Clouded Leopard Conservation and Research in Thailand
This program, based at the Khao Kheow Open Zoo, is a consortium consisting of the Thailand Zoological Parks Organization (ZPO), Khao Kheow Open Zoo, Nashville Zoo, Smithsonian's National Zoological Park, Point Defiance Zoo & Aquarium, and the Clouded Leopard SSP. This coalition of international partners is working together to develop a viable self-sustaining clouded leopard breeding program in Thailand. Khao Kheow Zoo, in Chonburi, Thailand, serves as the project's breeding center, housing pairs of clouded leopards originating from the five zoos within the ZPO. Some of the cubs that result will be exported to the United States and other countries to serve as new founders to zoo-based populations in an effort to improve genetics and demographics.
An essential component of the project is the placement of a full-time coordinator from the United States in Thailand. The coordinator, Fernando Najera, oversees the project and performs critical duties such as developing proper husbandry techniques, training Thai zookeepers, improving enclosures, assisting in veterinary care, and maintaining records. Experienced clouded leopard managers from Smithsonian National Zoo, the Nashville Zoo, and Point Defiance Zoo & Aquarium also rotate duties as relief project coordinators, with the zoos funding their salaries while they are working in Thailand.
This project has multiple animal management and research objectives including:
Renovate existing enclosures at the Khao Kheow Open Zoo to provide isolated breeding areas and dens for clouded leopards
Provide an onsite animal manager with extensive experience in clouded leopard breeding, nutrition, and management
Provide salary for an English-speaking Thai animal keeper
Provide training in basic clouded leopard husbandry and breeding techniques
Develop a record keeping system for animal husbandry, nutrition, breeding, pregnancy, and cub survival data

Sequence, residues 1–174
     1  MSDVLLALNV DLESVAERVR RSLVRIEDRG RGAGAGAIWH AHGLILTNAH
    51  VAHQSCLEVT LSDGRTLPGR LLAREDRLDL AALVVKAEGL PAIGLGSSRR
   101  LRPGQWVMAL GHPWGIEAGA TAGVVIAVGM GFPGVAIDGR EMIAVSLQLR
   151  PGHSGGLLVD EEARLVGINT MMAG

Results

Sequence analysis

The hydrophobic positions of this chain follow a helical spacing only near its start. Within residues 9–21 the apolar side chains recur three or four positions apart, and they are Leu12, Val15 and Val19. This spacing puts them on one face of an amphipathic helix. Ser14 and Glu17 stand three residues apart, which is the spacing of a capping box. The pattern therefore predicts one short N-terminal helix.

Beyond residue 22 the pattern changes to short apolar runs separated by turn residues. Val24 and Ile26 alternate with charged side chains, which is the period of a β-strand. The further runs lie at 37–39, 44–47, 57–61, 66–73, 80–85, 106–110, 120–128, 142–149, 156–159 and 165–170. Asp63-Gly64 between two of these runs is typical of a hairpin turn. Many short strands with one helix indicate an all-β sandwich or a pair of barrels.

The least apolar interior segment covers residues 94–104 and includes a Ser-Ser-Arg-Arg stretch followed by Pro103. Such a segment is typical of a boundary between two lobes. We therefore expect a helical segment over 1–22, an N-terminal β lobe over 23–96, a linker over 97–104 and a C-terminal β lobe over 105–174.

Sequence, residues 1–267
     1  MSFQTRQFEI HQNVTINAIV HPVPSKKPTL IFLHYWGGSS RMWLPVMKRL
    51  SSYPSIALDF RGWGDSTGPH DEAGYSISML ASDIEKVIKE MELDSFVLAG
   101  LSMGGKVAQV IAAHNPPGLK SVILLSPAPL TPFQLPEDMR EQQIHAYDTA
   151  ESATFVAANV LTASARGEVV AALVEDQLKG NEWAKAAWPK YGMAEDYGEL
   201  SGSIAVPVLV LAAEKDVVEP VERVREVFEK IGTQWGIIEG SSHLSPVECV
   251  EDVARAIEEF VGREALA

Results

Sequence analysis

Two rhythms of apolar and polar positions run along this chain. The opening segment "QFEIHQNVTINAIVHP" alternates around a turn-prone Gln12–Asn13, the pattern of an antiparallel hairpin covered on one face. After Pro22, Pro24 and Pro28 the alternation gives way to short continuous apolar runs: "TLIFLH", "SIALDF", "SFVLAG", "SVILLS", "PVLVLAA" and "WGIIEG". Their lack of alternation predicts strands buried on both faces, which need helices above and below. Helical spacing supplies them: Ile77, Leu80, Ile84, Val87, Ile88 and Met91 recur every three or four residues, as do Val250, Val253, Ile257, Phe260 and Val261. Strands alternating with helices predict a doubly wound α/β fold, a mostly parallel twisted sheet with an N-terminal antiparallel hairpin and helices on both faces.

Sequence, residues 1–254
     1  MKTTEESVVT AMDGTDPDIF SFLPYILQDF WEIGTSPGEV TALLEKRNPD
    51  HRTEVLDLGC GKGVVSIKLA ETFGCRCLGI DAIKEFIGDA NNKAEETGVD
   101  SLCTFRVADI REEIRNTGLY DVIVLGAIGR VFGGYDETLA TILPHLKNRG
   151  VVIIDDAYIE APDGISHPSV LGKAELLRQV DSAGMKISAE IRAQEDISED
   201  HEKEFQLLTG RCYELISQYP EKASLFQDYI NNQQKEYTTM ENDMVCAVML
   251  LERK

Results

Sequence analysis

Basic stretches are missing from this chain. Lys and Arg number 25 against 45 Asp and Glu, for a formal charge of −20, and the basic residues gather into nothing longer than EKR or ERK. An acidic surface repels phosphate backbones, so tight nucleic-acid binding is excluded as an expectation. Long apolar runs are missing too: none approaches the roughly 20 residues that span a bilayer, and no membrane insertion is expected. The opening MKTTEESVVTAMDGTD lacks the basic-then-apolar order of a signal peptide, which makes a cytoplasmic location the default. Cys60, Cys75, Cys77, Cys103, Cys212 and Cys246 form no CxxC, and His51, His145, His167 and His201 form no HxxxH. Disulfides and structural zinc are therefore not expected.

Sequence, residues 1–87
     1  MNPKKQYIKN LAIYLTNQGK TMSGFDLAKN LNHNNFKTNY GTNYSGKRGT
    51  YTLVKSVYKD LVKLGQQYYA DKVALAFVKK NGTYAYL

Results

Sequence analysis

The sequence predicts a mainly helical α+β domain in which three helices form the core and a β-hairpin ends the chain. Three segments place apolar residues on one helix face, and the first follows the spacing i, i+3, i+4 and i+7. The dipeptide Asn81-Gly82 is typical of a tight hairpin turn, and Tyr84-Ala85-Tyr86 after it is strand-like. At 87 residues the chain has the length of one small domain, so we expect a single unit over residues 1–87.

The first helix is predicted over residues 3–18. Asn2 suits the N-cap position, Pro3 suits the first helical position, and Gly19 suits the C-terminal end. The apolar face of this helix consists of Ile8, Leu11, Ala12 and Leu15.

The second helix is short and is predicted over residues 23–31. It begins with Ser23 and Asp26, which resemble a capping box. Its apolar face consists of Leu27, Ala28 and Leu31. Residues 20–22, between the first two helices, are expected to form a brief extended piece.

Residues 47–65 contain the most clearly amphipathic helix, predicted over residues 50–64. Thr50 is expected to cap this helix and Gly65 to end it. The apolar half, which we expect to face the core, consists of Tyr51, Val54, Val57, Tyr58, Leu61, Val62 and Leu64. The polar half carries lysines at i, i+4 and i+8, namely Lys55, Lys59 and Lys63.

Formulate and provide a nutritionally balanced diet
Assess stress levels measured as fecal cortisol
Assess female reproductive status and cyclicity using fecal hormone analyses of estrogen and progesterone metabolites (conducted by Smithsonian National Zoological Park)
Create breeding pairs with with selected animals
Monitor pregnancy/gestation/parturition using fecal hormones
Many program objectives, particularly at the program’s onset, included daily fecal collections for analyses of reproductive and stress hormones in the clouded leopards. Fecal collections began in May 2002 and are ongoing. Samples continue to be collected daily and are/have been utilized to determine the following: 1) assessing changes in stress (measured as fecal cortisol) before and after moving cats from old enclosures and exhibits to new large isolated enclosures with tall cages (75' x 25' x 30') (study conducted by Dr. Nadjia Wielebnowski of the Brookfield Zoo); 2) assessing female reproductive status and cyclicity using fecal hormone analyses of estrogen and progesterone metabolites (study conducted by Katey Pelican and JoGayle Howard of the Smithsonian National Zoological Park); 3) assessing nutritional and health status before and after diet improvements (analyzed by Drs. Pelican and Howard); and 4) monitoring pregnancy, gestation, and parturition using fecal reproductive hormones (analyzed by Drs. Pelican and Howard).
In January 2003, Drs. Katey Pelican and JoGayle Howard traveled to Thailand to: 1) assess semen quality in consortium clouded leopards following improvements in diets and enclosures; 2) cryopreserve sperm for the Clouded Leopard Genome Resource Bank; 3) conduct behavioral surveys on participating cats; and 4) document current and previous enclosure dimensions and characteristics. Semen quality was excellent (80 - 85% motile sperm) in specific males housed in the new low-stress enclosures and on the new balanced diet. In summary, there has been excellent progress in the ex situ husbandry and breeding program.
April 2003 brought the program's first successful litter following natural breeding, resulting in the birth of two clouded leopard cubs at KKOZ. This achievement illustrates the benefits of improved diet, enclosures, and husbandry. Since that time, breeding has progressed rapidly, with fifty-seven clouded leopard cubs being born as part of the program since its inception.
Several of the breeding program’s cubs have been imported into the United States, beginning in early 2005. Initially, pairing of imported cats was attempted at both the Nashville Zoo and Smithsonian’s National Zoo with cubs born at Point Defiance Zoo & Aquarium, however neither pair was successful. Subsequent imports have consisted of young bonded pairs to facilitate breeding success. Several of these imported pairs have now breed in North American, providing important augmentation to the genetic diversity of the North American clouded leopard population.